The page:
Mr. Right Next Door

Elizabeth Campbell

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The walk of shame is short for some students.

Instead of a red-faced trek down Sheridan Road, it’s a brisk jaunt up the stairs or around the corner.

Who needs the Keg or a frat party up North when a potential hook-up or even a date is a couple doors away?

An informal Daily survey of 477 students from more than 15 dorms revealed that Northwestern students are hardly immune to the ease of dormcest. According to the poll, about 42 percent of students have hooked up with someone in their residence halls this year.

Extreme dorm dating

Communication freshman Brian Coleman experienced the paragon of dormcest barely a week after moving in — when he began dating his roommate.

“In some ways, we had the ultimate roommate relationship but quickly that went to the opposite pole, and we had the worst roommate relationship possible,” Coleman said, adding that the couple broke up after a month and a half. “It wasn’t like you were living with someone who was a complete stranger. You’re living with someone who knew you all too well.”

The couple continued to live together on the first floor of Jones Residential College, the fine and performing arts dorm, for seven months after their breakup.

Coleman described the aftermath of his relationship as “hell.” He became the “Jones refugee” and slept in suites and lounges throughout the dorm to avoid his living situation.

“That relationship gave me a crash course in what not to do in a relationship,” said Coleman, whose new beau lives two floors up.

While Coleman’s situation is not the norm, the Daily survey revealed that about 20 percent of students have had an exclusive relationship with a dormmate.

Getting friendly with the neighbors

Medill sophomore Nicole Price Fasig dated the boy next door — literally — when she lived in the International Studies Residential College last year.

She said relationships like hers aren’t that uncommon. In fact, she said she’s seen a “marked increase” in the number of intra-dorm relationships at ISRC this year. She attributes it to NU’s social structure — lots of small communities instead of one larger community.

“(Dormcest) is just another manifestation of the small community theory,” Price Fasig said. “People connect to smaller groups here, and that’s how you find your place at NU.”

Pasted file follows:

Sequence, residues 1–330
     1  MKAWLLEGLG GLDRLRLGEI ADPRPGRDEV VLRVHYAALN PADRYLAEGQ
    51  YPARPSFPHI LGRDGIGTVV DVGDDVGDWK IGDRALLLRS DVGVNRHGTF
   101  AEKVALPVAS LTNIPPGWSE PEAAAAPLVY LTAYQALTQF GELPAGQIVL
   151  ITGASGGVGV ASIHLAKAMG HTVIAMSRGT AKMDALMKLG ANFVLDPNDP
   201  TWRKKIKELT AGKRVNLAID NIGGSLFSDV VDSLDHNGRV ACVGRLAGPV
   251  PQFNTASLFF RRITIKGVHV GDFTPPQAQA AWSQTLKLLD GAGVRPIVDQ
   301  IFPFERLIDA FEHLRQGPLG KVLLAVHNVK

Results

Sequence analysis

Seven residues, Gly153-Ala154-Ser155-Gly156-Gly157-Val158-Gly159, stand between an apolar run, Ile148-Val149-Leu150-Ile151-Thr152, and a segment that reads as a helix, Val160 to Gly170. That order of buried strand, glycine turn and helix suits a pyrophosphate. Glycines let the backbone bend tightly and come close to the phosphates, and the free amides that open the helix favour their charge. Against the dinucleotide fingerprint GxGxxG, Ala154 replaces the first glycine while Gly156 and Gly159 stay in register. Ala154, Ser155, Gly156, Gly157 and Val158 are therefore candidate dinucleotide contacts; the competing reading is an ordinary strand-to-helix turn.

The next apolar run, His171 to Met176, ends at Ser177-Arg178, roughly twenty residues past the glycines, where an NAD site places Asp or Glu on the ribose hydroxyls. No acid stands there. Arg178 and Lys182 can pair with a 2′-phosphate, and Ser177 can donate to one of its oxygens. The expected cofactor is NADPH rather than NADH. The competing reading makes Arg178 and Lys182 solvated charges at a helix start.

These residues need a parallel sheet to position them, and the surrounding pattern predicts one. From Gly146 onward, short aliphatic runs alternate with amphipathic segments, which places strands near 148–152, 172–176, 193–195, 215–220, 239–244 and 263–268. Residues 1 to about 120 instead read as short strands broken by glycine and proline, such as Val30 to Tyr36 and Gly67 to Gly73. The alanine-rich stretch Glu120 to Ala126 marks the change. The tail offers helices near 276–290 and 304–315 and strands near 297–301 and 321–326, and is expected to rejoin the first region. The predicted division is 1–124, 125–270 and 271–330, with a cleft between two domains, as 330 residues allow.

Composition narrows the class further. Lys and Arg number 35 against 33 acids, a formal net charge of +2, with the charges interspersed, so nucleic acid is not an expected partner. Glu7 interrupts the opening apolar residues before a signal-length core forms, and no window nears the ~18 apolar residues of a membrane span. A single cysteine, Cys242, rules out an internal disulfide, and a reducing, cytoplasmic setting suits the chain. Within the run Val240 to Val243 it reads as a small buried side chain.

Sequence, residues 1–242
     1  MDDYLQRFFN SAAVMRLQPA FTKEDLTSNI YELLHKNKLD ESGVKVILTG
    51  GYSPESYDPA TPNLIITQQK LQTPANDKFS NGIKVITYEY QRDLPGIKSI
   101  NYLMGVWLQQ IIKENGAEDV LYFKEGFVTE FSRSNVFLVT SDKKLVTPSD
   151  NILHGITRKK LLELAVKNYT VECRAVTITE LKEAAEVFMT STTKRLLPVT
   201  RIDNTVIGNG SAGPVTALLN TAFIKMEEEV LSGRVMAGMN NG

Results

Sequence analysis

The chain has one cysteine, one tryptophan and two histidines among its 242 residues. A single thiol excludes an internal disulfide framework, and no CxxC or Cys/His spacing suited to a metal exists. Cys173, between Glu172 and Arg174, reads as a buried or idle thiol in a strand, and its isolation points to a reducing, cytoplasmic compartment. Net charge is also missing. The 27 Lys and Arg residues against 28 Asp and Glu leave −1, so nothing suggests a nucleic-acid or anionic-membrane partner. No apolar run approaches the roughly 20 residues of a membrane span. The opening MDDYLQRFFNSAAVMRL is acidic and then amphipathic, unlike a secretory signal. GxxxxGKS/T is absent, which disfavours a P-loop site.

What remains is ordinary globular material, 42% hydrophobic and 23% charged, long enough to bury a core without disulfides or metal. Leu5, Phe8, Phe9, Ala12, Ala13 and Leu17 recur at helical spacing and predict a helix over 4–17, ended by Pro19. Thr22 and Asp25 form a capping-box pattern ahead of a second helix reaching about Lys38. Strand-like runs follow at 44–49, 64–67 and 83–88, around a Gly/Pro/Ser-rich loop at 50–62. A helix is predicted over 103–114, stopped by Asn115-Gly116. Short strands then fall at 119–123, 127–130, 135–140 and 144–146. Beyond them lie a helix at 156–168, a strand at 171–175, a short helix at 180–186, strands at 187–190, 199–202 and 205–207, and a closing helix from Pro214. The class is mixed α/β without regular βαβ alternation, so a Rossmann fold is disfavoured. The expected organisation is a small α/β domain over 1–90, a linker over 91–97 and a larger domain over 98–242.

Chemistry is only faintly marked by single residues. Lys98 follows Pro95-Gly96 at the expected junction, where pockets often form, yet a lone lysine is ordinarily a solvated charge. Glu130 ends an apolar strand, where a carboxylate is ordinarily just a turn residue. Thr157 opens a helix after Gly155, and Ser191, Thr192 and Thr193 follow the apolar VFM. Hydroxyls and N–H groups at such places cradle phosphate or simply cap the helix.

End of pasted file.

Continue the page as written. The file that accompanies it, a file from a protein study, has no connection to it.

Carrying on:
Dorm dating appeals to busy students.

“There’s the guy who’s cute who you flirt with in French class,” said Communication freshman Jen Horne, who is in her second inner-dorm relationship. “But the likelihood that you are going to see each other outside of class is lower than the guy who you flirt with who lives across the hall.”

But in the end, the convenience can be detrimental to intra-dorm relationships.

“It’s easy, but maybe relationships shouldn’t be (easy),” Horne said. “And maybe you should have to make more of an effort, and that’s what makes it special.”

Too close for comfort

Sociology Prof. Bernard Beck said the dorm environment can actually put a strain on relationships.

“It may be hard to get the kind of privacy that often fosters developing romantic relationships,” Beck said.

Communication sophomore Meredith Forlenza met her boyfriend when they lived on the second floor of the Communications Residential College.

“We got comfortable with each other sooner,” Forlenza said. “He saw me when I looked like crap.”

But being together all of the time got to be too much for the couple.

“It was almost like being married,” she said.

The couple broke up for a few days in November. After getting back together, they made sure to have parts of their lives that didn’t include each other.

For Weinberg freshman Jake Loos, who dated someone in his dorm, North Mid-Quads Hall during Fall Quarter, too much time together is the problem with dormcest.

“Sometimes, personally, I need to just hang out with my friends and be away from my significant other,” Loos said. “When I’d go do that, I’d run into her. Gradually that’d get on my nerves and I’d want more personal space.”

The easy way

But students often prefer hooking up with people in their dorms instead of trying to date them.

“With hooking up, there isn’t as much need to have the perfect, ideal person because it isn’t going to be part of your status, part of your future life,” Beck said. “There aren’t going to be long-term implications.”

The “casual sexual connection” of hooking up doesn’t bring the same complications as official relationships, Beck said.

Although random hookups aren’t unusual in the college scene, the stakes change when two people see each other on a daily basis.

“It’s like that old saying ‘don’t shit where you eat,'” said Kendall Stolley, a Weinberg junior who has experienced dormcest. “Generally, it just complicates things because most relationships don’t last.”

Yet some students claim that the fallout of dorm hookups is the same as ending any relationship.

“Northwestern’s a small school, (post-hooking up) will be awkward with anybody,” said Isabel Espaldon a Communication sophomore, “They don’t necessarily have to live in your dorm.”

Most couples insist that proximity is just one reason people get together in the dorms.

“For me, it’s not the location of the person,” said McCormick sophomore Brian Lesperance who is dating a girl on his floor in ISRC. “It’s just the person.”

Reach Elizabeth Campbell at e-campbell-1@northwestern.edu.

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